Knock two houses into one and Rent-a-room?

Knock two houses into one and Rent-a-room?

10:52 AM, 1st June 2017, About 7 years ago 5

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We are considering buying the house next door and combining it with our own house to create one property.

We would then rent out the bedrooms under the rent-a-room-in-your-own-home scheme, which would be more tax efficient than renting out the house separately.

From a legal point of view, does this sound viable, and what arrangements would we have to make to allow the 2 houses to be officially recognised as one property, from the point of view of renting out rooms?

Thank you!


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Neil Patterson

10:57 AM, 1st June 2017, About 7 years ago

HI Ryan,

I am guessing it needs to be registered as all one title and with the council for council tax and no part being self contained.

From .Gov >>

" 2. The Rent a Room Scheme

The Rent a Room Scheme lets you earn up to a threshold of £7,500 per year tax-free from letting out furnished accommodation in your home. This is halved if you share the income with your partner or someone else.

You can let out as much of your home as you want.
How it works

The tax exemption is automatic if you earn less than the threshold. This means you don’t need to do anything.

You must complete a tax return if you earn more than the threshold. From 6 April 2016, this is £7,500. For the 2015 to 2016 tax year, the threshold was £4,250.

You can then opt into the scheme and claim your tax-free allowance. You do this on your tax return.

You can choose not to opt into the scheme and instead record your income and expenses on the property pages of your tax return.
More information

Read the Rent a Room helpsheet for more detailed information on how to complete the form, and when it makes sense to opt out of the scheme.

You can opt in to the scheme at any time if:

you’re a resident landlord, whether or not you own your home
you run a bed and breakfast or a guest house

You can’t use the scheme for homes converted into separate flats."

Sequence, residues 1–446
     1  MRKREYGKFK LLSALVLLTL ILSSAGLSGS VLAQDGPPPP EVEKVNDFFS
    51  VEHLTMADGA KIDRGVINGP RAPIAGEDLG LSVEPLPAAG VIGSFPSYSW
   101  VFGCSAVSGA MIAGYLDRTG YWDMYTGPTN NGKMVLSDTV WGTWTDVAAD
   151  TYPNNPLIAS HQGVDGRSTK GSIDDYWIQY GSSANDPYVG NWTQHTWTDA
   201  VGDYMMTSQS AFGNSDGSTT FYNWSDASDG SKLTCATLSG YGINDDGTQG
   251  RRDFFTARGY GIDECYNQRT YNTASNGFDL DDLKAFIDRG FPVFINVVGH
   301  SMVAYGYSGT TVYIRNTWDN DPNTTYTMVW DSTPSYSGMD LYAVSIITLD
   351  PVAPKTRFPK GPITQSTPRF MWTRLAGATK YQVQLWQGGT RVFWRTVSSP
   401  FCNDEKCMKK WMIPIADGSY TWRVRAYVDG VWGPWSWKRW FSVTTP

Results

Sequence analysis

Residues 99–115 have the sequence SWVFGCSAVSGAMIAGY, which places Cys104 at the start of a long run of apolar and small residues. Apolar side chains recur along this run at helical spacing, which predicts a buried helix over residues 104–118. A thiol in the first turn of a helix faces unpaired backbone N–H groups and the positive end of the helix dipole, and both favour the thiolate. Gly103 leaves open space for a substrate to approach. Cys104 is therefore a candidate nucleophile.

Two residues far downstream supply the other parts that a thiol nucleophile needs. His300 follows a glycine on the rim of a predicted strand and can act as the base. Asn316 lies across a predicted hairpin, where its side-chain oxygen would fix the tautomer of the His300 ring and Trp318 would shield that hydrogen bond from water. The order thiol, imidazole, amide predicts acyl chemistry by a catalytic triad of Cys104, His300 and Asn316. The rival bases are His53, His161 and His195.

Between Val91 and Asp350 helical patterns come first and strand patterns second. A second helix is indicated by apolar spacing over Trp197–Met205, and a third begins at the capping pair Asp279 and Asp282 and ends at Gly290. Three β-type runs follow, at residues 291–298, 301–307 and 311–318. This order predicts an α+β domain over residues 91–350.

Your lodger is an excluded occupier

Your lodger is likely to be an excluded occupier if:

they live in your home
you or a member of your family share a kitchen, bathroom or living room with them

In this case, you only have to give them reasonable notice to end the letting - and you won’t have to go to court to evict them."

St. Jims

11:16 AM, 1st June 2017, About 7 years ago

If you knock two houses into one, I believe you will be held to the latest and most stringent building regulations, just as if you were building a house from scratch.

That means you will probably have to upgrade a ton of things in *both* homes, including soundproofing, the thickness and composition of walls, new wiring throughout, swapping all single glazing for double glazing etc - the list of these remedial works is often long and expensive.

It's no longer easy to make a profit by (say) buying a big old Victorian house and splitting it into flats.

Before you commit, get a building control inspector and a quantity surveyor to have a look over it.


21:55 PM, 1st June 2017, About 7 years ago

You will have to get planning permission

Ryan Whelpdale

8:51 AM, 2nd June 2017, About 7 years ago

Thanks very much, everyone. Would we be subject to the 3% stamp duty surcharge, buying the adjoining house, even though we would be incorporating it into our residential property?


16:50 PM, 13th June 2017, About 7 years ago

Reply to the comment left by "Ryan Whelpdale" at "02/06/2017 - 08:51":

Ryan - seek advice from your solicitor or conveyancor, but I would have thought you have to pay the SDLT. This is payable on the date of completing the purchase, notwithstanding your intentions for the two properties later.

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